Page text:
The Great Scramble

After dinner, the five boys of a household happened to find a parcel of sugar-plums. 
It was quite unexpected loot, and an exciting scramble ensued, the full details of which I will recount with accuracy, as it forms an interesting puzzle.
You see, Andrew managed to get possession of just two-thirds of the parcel of sugar-plums. 
Bob at once grabbed three-eighths of these, and Charlie managed to seize three-tenths also. 
Then young David dashed upon the scene, and captured all that Andrew had left, except one-seventh, which Edgar artfully secured for himself by a cunning trick. 
Now the fun began in real earnest, for Andrew and Charlie jointly set upon Bob, who stumbled against the fender and dropped half of all that he had, which were equally picked up by David and Edgar, who had crawled under a table and were waiting. 
Next, Bob sprang on Charlie from a chair, and upset all the latter's collection on to the floor.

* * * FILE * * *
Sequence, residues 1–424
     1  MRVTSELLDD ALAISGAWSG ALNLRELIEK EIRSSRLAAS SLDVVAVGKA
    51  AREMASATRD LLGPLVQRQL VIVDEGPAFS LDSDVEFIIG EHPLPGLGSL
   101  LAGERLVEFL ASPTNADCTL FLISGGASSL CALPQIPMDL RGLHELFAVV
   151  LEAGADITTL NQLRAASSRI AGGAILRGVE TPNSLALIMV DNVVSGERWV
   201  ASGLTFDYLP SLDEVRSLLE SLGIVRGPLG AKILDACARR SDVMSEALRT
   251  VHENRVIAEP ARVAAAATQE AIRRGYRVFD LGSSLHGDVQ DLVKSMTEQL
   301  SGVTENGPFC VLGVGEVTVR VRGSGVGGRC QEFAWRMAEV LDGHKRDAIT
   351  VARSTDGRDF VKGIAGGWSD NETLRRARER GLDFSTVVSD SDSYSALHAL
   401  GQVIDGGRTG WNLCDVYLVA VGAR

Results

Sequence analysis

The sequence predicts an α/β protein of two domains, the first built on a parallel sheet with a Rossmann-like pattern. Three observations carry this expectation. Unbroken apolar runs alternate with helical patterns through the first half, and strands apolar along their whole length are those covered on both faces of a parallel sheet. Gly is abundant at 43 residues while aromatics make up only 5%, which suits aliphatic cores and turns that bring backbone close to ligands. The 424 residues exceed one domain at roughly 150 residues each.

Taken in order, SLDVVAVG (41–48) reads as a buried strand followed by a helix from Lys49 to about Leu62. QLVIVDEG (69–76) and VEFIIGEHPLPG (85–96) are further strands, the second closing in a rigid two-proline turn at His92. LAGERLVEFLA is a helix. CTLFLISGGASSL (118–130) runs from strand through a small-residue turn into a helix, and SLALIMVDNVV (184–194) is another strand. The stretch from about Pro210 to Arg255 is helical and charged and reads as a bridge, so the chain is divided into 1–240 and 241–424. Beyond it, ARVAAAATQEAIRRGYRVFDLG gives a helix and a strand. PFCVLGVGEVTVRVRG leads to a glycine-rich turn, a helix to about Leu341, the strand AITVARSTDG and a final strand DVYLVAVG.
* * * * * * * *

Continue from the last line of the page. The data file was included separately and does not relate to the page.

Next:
Of this prize Andrew got just a quarter, Bob gathered up one-third, David got two-sevenths, while Charlie and Edgar divided equally what was left of that stock.

They were just thinking the fray was over when David suddenly struck out in two directions at once, upsetting three-quarters of what Bob and Andrew had last acquired. 
The two latter, with the greatest difficulty, recovered five-eighths of it in equal shares, but the three others each carried off one-fifth of the same. 
Every sugar-plum was now accounted for, and they called a truce, and divided equally amongst them the remainder of the parcel.

What is the smallest number of sugar-plums there could have been at the start, and what proportion did each boy obtain?

See answer

Math Genius